clock menu more-arrow no yes mobile

Filed under:

Everton 2-1 Wolves: Three Thoughts | Toffees continue winning ways away from Goodison

Three thoughts from Tuesday’s entertaining and spirited affair against slumping Wolves

Wolverhampton Wanderers v Everton - Premier League Photo by Tim Keeton - Pool/Getty Images

Hobbled Attack

With Dominic Calvert-Lewin — Everton’s leading scorer — missing last night’s game with a hamstring injury, creating offense would have to be a collective effort, and it was. It started in the 6th minute when Yerry Mina sent a ball out wide to Alex Iwobi, who hit a quick pass to James Rodríguez. The Colombian turned and slashed a pass over to the left wing where Lucas Digne was unmarked. Digne touched the ball back into the center of the box to Iwobi, who had continued his run, for Everton’s first goal.

Without the team’s most lethal offensive player, it was a combination of Iwobi and James on the right wing and Lucas Digne and substitute André Gomes on the left that carried Everton to a 2–1 win over a struggling, yet talented, Wolves side. And to cap it all off, center-back Michael Keane got in on the fun, scoring the game-winning goal in typical fashion — slamming a curving cross into the back of the net with his noggin.

It came as no surprise to anyone that Everton’s xG for the game was a mere 0.27, but excellent finishing ensured two goals came out of that.

Utilizing Strengths

In recent fixtures, it has been easy to criticize the questionable lineup choices made by Manager Carlo Ancelotti. Against Wolverhampton, however, the Italian not only got his modified starting eleven spot on, but his utilization of the bench was superb.

Playing Digne at left midfield allowed Everton to reap the benefits of his attacking nous, while shielding him as he regains his match fitness from a pacy Wolves side, and he looked more dangerous than any wide midfielder has this season. It also allowed the return of the ‘fab four’ - Carlo’s four centrehalves backline that pretty much nullified Wolves speed and passing ability.

Starting Tom Davies will never do much to ease any pregame worries about poor play in midfield, but it does allow for Ancelotti to bring a better playmaker off the bench when needed. And while it sounds counterintuitive to select an inferior player to start, it does allow for a spark off the bench, assuming Davies has done enough through 65 minutes. In other words, Davies did enough to keep the game competitive, and Gomes helped put Everton over the top — his cross created the opportunity or Keane to win the game. Ancelotti also brought on the veteran Seamus Coleman to see out the game and withstand any late pressure.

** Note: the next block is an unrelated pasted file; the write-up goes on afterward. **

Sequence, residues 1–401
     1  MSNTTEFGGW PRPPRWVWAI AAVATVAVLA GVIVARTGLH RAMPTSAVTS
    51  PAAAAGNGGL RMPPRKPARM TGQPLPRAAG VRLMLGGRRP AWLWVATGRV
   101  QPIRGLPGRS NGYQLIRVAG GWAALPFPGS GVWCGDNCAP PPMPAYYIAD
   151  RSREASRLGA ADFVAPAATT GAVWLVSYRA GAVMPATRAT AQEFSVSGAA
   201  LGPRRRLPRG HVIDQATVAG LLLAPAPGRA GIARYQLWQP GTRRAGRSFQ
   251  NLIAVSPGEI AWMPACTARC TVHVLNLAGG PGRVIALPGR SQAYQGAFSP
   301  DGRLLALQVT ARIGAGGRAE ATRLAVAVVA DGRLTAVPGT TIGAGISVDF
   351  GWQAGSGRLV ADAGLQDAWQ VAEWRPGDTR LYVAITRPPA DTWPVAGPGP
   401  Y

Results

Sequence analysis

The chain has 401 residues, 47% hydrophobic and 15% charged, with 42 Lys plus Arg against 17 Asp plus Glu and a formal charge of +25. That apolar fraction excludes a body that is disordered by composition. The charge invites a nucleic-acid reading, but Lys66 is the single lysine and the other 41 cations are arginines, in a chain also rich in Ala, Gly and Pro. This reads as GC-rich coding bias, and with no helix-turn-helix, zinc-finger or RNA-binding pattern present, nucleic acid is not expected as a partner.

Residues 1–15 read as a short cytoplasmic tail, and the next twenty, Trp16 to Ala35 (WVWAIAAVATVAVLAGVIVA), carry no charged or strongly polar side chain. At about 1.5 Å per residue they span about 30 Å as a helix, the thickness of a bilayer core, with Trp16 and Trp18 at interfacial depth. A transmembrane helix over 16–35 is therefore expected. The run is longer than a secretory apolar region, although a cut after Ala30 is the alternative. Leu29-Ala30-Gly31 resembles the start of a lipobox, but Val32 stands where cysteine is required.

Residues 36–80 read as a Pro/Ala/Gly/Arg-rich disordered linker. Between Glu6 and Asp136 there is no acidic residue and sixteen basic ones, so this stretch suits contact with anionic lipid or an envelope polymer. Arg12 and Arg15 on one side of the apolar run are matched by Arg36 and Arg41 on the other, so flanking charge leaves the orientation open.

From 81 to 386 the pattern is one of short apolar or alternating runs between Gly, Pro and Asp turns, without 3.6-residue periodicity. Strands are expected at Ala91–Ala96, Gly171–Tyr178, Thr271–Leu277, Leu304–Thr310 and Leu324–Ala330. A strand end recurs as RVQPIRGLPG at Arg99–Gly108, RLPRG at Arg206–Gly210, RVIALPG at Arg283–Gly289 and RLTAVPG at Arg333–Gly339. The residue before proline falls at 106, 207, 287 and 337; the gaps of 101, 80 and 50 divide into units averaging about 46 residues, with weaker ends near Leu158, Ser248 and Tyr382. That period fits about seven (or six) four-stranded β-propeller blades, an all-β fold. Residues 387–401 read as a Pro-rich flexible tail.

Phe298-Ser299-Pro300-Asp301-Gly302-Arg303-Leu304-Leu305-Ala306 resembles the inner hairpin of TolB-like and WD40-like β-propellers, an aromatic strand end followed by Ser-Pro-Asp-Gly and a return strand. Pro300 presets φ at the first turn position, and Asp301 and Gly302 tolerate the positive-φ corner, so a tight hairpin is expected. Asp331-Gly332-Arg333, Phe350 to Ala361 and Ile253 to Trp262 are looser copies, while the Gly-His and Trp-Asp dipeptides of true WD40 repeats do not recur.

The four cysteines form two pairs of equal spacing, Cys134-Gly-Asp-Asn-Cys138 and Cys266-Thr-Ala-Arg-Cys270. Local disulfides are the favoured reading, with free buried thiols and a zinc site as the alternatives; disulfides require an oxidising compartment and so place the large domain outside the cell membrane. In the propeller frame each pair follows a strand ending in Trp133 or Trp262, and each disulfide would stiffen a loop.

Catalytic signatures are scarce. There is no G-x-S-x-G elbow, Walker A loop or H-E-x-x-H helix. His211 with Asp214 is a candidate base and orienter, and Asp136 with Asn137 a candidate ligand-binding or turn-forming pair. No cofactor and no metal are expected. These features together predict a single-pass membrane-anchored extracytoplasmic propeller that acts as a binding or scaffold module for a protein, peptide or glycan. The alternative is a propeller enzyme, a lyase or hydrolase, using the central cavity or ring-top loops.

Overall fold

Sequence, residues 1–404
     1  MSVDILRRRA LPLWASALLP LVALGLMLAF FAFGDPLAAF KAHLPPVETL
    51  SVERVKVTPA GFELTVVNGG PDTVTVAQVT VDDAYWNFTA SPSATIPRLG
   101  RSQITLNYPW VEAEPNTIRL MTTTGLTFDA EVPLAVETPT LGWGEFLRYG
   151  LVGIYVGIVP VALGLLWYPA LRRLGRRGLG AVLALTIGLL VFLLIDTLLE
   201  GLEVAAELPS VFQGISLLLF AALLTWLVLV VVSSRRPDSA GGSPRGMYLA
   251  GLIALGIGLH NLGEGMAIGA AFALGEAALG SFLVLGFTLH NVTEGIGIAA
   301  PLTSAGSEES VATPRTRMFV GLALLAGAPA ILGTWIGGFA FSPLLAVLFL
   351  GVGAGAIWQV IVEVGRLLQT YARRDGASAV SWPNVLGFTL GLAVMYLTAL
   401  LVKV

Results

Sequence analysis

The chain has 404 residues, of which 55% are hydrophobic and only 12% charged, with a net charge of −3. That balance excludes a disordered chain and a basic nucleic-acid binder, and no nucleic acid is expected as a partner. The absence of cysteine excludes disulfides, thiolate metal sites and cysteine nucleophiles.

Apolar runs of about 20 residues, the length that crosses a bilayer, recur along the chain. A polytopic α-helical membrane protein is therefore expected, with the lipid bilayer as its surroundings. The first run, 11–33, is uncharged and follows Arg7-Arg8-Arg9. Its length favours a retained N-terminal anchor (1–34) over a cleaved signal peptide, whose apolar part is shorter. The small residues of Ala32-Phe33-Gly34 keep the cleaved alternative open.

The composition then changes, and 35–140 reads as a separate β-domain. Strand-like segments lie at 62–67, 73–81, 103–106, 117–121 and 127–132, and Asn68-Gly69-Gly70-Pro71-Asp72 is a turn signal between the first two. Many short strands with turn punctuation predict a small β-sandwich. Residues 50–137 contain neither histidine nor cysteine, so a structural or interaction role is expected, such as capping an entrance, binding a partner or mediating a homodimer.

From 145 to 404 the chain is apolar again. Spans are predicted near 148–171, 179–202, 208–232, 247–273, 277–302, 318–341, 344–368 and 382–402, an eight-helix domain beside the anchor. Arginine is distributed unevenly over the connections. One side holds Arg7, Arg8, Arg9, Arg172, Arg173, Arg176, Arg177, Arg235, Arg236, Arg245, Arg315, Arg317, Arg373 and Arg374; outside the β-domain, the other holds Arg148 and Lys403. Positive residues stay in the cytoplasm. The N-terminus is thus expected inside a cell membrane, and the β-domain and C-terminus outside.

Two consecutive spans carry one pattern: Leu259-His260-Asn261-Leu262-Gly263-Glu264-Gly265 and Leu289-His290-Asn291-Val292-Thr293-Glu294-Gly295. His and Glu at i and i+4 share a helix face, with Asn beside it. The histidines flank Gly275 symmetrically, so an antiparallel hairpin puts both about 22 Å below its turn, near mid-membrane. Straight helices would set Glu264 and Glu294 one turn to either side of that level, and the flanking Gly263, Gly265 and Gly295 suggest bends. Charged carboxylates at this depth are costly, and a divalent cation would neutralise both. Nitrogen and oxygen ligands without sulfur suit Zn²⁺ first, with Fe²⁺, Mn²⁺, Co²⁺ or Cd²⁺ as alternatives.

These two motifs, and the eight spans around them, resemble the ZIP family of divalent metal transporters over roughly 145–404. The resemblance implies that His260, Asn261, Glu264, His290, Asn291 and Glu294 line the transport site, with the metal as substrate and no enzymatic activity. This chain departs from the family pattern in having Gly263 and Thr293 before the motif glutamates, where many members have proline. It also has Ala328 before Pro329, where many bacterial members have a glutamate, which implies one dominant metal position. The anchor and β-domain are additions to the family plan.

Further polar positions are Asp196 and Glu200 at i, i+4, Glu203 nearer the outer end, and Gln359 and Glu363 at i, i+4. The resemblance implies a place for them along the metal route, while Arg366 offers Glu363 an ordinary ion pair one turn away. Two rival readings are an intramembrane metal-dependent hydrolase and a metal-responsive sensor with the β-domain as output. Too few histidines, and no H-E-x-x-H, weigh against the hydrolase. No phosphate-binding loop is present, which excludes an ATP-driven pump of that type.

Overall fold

The Ancelotti Effect

Yesterday’s win highlights what every Evertonian knew would happen upon Ancelotti’s appointment just over one year ago. When he took over a floundering team that sat 15th in the Prem, his task was to steady the ship and avoid relegation; Everton finished the 2019/20 campaign in 12th place.

This season, the goal was to re-establish the Toffees as at least a top-eight club if not push for a Champions League spot. Through 17 games, Ancelotti has done just that. Everton sit in fourth place and are a mere four points behind Manchester United for first. Despite unexpected losses against Newcastle and West Ham United, the Toffees are still above the likes of Tottenham, Manchester City, Chelsea and Arsenal in the table. Ancelotti has brought a sense of purpose, camaraderie and, most importantly, accountability that was absent with recent managers. The Ancelotti Effect manifests in the passion of goal celebrations, the postgame social media content and the general ethos of infectious positivity around Everton right now.